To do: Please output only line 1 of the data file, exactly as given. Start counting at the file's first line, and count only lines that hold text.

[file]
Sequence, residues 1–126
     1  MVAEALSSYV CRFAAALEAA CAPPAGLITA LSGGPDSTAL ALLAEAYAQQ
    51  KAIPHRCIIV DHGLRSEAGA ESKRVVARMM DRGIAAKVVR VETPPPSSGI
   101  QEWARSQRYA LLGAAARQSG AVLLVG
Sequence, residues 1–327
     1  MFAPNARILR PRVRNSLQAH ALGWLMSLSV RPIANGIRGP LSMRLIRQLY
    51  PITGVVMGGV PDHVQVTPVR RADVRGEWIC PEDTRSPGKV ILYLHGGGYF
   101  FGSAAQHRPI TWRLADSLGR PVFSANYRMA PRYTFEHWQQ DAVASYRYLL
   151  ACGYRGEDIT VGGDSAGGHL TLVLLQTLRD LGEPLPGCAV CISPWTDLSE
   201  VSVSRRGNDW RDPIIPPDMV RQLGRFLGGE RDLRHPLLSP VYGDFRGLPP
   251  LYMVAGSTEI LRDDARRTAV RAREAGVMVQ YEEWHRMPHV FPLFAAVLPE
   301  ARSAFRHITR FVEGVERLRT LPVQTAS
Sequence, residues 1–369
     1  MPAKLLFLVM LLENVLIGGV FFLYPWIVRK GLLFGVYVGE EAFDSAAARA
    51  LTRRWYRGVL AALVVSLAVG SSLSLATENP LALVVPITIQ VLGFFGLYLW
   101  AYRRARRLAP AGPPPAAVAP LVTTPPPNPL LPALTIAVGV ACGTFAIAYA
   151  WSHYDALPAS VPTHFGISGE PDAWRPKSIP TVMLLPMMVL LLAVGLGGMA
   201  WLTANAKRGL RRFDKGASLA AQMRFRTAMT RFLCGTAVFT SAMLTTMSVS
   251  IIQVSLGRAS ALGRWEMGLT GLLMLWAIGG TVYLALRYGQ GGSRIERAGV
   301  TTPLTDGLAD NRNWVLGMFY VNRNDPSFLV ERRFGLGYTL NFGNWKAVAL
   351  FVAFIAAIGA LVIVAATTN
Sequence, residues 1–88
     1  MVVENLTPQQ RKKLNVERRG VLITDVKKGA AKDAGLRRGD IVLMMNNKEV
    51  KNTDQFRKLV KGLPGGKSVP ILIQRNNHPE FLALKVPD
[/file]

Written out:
Sequence, residues 1–126